With violent crime rates reaching a 15 year record high and most prisoners testing positive for drugs, the new Congress must expand drug treatment in prisons, said Bob Weiner, former spokesman for the White House Office of National Drug Control Policy.
Weiner, together with policy analyst Richard Bangs, points out, “Prison drug treatment will target the repeating source of a huge chunk of the nation’s new crime wave,” in the Sunday December 17th, 2006 edition of the Buffalo News. They argue that a 34 percent federal drug prevention budget cut since 2001, from $19.2 billion to $12.7 billion, is a major explanation for the 2.5 percent violent crime increase nationwide, and 3.4 percent increase in Buffalo, NY in 2005. Buffalo is also near the world famous Attica correctional facility, and an Attica staff member told Weiner that “Attica is not a drug-specific prison.” Say Weiner and Bangs: “That’s the problem. All prisons should be; none is.”
Weiner and Bangs note that according to DOJ statistics, 68 percent of female and 67 percent of male arrestees tested positive for illegal narcotics compared to 6 percent use in the population as a whole. Yet only 14 percent of federal inmates who met the criteria for drug dependency received treatment from a trained professional, and only 39 percent of all drug dependent inmates participated in drug programs.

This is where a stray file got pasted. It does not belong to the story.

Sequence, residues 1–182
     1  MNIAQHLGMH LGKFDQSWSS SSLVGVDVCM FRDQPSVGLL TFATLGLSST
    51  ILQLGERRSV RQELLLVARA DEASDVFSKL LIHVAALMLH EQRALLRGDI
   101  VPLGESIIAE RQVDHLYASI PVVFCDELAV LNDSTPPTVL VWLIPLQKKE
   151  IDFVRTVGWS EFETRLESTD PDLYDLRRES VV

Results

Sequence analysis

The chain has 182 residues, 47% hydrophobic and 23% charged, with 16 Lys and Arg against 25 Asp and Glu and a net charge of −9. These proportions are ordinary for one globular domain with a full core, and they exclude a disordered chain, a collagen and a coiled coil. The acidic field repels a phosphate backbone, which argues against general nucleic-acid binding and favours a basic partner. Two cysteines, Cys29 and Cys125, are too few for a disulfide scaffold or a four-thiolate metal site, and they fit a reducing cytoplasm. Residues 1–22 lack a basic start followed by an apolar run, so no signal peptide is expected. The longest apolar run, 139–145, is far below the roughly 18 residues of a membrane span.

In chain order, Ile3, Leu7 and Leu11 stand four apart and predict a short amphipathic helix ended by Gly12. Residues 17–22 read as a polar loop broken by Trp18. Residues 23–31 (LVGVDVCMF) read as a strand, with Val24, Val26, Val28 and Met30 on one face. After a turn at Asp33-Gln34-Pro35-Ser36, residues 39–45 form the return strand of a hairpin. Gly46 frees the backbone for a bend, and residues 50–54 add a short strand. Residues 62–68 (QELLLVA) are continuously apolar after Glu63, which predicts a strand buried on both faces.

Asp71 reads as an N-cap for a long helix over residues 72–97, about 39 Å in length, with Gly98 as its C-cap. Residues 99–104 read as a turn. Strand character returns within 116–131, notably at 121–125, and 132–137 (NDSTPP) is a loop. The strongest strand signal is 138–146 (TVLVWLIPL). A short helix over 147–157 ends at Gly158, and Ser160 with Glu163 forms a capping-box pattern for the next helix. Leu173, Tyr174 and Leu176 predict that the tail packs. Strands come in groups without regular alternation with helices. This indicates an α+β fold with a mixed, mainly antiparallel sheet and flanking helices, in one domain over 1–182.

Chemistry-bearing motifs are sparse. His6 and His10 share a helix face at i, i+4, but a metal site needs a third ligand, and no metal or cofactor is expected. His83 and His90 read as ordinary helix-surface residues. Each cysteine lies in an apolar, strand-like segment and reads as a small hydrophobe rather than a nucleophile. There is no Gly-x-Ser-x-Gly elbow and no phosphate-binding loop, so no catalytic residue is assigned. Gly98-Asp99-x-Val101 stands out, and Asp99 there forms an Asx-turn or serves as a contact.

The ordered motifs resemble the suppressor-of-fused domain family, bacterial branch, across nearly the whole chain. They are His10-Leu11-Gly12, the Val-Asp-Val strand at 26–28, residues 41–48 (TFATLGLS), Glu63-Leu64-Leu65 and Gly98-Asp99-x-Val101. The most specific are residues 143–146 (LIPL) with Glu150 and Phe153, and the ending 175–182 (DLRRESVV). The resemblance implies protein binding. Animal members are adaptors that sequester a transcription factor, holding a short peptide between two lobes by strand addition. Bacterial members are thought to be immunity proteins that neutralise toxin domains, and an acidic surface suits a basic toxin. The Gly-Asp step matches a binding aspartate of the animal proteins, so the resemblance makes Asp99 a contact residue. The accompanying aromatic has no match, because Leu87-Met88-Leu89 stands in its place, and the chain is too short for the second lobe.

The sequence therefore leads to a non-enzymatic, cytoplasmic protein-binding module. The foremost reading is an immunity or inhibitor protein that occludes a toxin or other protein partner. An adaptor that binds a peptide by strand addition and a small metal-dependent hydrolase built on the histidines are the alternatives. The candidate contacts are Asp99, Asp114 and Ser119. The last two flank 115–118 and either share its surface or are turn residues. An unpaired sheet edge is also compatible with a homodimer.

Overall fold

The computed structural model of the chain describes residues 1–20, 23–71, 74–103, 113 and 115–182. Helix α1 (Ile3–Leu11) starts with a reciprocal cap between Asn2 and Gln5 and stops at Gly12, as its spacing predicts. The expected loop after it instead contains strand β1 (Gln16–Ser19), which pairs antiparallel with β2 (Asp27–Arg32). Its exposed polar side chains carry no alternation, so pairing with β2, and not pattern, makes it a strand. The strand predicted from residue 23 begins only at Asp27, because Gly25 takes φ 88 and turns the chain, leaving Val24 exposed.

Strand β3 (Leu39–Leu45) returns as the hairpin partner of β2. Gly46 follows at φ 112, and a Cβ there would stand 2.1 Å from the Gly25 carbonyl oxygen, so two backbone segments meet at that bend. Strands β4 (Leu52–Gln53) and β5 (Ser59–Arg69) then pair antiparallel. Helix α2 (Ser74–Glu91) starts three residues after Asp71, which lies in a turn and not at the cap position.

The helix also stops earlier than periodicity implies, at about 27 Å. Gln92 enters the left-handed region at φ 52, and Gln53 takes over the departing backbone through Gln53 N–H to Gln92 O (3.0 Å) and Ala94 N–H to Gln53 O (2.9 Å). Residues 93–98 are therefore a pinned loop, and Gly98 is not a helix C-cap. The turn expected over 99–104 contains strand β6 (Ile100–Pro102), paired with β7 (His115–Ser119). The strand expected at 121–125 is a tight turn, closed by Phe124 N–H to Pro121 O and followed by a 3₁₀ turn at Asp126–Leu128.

Weiner and Bangs state, “A rising tide of abuse of prescription drugs has exacerbated the problem and the need for action.” They report “a tripling over the last five years in abuse of opiate painkillers such as OxyContin, Vicodin, Dilaudid, Codeine, Morphine and Fentanyl.”
The writers affirm benefits of drug treatment and prevention: “Nine months after beginning therapy, 87 percent of patients treated for heavy or long-term methamphetamine abuse in California outpatient and residential programs were abstinent from all drugs,” and nationally, “every $1 invested in addiction treatment programs yields a return of between $4 and $7 in reduced drug-related crime, criminal justice costs, and theft.”
Weiner and Bangs note the $10 million contribution to drug treatment by philanthropist George Soros. The authors conclude, “Once upon a time the United States criminal justice system, not philanthropists, made criminal rehabilitation a fiscal responsibility.”